Upping the Numbers
Edited by Ronald J. Burke and Mary C. Mattis
Chapter 7: An Empirical Test of the Glass Ceiling Effect for Asian Americans in Science and Engineering
7. An empirical test of the glass ceiling eﬀect for Asian Americans in science and engineering Tina T. Chen and James L. Farr It has been widely hypothesized that Asian Americans face a glass ceiling in their career progression (e.g. Cheng, 1997). Unlike other racial/ethnic minority groups, there are signiﬁcant proportions of Asian Americans concentrated in professional and technical ﬁelds. The often positive images of Asian Americans in general, predominately that of the ‘model minority’, have led to the prevalent assumption that Asian Americans have overcome structural barriers in the USA and have achieved economic success (Cheng, 1997). In contrast, the cumulative research eﬀorts of researchers in AsianAmerican studies have found that despite mass media images of Asian Americans as a successful minority group, Asian Americans still encounter barriers in their chances of advancing up the management hierarchy and experience lower returns on education. The concentration of Asian Americans in professional occupations, such as science and engineering, has often been used to bolster the claim that Asian Americans have overcome structural hurdles in the mainstream economy. This overlooks the fact that although Asian Americans may be highly represented in high-paying professional occupations, they still lag behind their white counterparts in pay and promotions. The model minority label has been used as a ‘divide and conquer’ strategy. The comparable educational and occupational success of Asian Americans, over and above that of African Americans, Latinos and Native Americans, has generated and sustained the idea of Asian Americans as a...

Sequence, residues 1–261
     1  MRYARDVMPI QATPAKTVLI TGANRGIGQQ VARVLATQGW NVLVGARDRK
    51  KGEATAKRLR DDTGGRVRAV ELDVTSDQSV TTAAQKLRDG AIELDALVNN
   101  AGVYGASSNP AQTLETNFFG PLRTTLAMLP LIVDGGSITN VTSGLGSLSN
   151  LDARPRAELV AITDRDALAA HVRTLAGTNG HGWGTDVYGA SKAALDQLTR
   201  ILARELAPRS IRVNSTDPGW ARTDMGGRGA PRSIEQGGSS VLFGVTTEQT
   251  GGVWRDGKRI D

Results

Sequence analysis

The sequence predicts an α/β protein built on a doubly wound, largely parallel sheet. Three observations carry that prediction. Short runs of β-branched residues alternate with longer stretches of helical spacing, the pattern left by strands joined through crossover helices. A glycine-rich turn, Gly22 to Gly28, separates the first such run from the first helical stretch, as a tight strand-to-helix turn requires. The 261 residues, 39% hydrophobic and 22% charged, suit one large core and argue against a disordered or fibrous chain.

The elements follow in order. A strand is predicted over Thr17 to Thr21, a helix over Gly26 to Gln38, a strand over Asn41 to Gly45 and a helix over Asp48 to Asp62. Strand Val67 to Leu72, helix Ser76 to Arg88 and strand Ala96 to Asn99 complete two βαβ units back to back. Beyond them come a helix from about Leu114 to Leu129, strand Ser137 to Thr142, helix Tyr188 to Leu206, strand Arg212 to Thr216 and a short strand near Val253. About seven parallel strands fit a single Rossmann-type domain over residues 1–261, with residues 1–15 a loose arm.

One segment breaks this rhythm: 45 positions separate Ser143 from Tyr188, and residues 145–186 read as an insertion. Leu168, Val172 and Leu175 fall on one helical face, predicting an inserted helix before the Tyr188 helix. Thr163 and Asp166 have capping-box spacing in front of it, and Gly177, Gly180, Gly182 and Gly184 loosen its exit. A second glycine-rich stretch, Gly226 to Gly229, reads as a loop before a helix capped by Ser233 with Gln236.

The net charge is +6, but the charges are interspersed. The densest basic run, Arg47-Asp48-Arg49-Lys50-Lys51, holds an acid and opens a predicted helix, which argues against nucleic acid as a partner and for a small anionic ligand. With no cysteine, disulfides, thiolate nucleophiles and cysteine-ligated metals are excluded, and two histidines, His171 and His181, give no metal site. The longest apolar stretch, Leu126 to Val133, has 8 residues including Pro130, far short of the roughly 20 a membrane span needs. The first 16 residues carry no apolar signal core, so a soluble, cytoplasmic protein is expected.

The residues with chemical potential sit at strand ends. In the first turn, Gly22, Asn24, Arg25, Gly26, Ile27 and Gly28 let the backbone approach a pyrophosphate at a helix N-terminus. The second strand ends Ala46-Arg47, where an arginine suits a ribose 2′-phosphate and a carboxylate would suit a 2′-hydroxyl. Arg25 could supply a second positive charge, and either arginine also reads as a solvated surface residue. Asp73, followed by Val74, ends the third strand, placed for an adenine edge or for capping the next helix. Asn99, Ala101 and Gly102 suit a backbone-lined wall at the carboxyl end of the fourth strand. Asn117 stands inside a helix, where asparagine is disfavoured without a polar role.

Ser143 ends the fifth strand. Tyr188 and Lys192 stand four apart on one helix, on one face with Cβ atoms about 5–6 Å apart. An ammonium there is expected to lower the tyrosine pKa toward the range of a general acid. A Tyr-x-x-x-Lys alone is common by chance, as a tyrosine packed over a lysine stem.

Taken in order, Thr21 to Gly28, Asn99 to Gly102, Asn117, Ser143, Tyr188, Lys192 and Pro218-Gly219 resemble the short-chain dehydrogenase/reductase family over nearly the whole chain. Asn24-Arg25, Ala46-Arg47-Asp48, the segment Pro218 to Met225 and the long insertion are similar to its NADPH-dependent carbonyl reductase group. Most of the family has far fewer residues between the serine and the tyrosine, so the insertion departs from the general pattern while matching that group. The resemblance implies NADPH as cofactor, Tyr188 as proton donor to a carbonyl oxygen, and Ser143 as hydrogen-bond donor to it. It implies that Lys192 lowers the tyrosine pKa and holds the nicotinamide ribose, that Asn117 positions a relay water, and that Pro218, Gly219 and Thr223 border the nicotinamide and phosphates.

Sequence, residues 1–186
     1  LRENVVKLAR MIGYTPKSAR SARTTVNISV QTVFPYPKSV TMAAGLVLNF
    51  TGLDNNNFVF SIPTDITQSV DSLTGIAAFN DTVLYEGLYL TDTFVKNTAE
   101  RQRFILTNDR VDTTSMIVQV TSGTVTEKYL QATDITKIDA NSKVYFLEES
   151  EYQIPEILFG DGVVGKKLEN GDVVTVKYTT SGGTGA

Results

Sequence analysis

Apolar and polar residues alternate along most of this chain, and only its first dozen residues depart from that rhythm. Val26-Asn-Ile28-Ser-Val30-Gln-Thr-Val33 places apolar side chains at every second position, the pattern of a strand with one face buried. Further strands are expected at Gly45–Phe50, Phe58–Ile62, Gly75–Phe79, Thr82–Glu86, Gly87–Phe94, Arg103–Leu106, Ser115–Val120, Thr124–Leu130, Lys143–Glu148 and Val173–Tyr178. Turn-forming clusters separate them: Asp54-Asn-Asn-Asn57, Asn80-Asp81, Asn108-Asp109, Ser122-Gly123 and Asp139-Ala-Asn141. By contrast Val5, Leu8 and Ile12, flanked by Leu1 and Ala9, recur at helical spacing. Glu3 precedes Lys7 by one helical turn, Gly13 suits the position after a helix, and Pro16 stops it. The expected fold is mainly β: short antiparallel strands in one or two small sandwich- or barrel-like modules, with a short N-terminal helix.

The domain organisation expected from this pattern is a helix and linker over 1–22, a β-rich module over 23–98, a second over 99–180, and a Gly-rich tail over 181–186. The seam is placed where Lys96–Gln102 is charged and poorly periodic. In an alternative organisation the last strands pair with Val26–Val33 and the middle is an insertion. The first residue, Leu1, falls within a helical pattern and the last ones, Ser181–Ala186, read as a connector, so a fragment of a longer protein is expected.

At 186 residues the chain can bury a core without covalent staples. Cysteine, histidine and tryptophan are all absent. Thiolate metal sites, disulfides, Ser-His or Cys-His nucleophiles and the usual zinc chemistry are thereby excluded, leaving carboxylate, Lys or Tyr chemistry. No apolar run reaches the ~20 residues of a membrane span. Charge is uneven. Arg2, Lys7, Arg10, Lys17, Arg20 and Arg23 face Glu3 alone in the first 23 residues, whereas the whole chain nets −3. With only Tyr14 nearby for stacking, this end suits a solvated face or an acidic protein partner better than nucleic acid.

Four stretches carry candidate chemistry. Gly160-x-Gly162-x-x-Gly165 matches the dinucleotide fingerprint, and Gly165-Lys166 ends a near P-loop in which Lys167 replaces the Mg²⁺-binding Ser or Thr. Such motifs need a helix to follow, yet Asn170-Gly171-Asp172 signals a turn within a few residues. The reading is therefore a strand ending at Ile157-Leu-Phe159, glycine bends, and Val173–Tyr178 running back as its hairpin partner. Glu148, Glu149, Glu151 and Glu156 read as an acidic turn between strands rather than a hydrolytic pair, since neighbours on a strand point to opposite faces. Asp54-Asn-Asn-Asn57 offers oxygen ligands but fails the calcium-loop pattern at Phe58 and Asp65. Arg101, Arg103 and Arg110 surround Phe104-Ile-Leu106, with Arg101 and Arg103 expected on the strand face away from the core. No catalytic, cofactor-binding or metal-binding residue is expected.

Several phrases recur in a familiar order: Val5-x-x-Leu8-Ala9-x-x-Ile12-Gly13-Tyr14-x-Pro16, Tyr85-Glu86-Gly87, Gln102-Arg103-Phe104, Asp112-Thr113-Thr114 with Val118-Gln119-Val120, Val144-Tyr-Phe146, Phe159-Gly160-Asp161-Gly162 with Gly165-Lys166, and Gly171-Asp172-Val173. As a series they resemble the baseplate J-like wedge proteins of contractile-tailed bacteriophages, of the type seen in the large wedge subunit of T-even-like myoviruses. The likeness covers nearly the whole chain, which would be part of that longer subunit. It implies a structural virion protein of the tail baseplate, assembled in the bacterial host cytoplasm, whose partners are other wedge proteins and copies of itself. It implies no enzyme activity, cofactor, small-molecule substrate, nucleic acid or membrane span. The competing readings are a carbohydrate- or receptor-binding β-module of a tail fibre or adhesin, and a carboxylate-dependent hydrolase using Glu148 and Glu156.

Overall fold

You are not authenticated to view the full text of this chapter or article.
Elgaronline requires a subscription or purchase to access the full text of books or journals. Please login through your library system or with your personal username and password on the homepage.
Non-subscribers can freely search the site, view abstracts/ extracts and download selected front matter and introductory chapters for personal use.
Your library may not have purchased all subject areas. If you are authenticated and think you should have access to this title, please contact your librarian.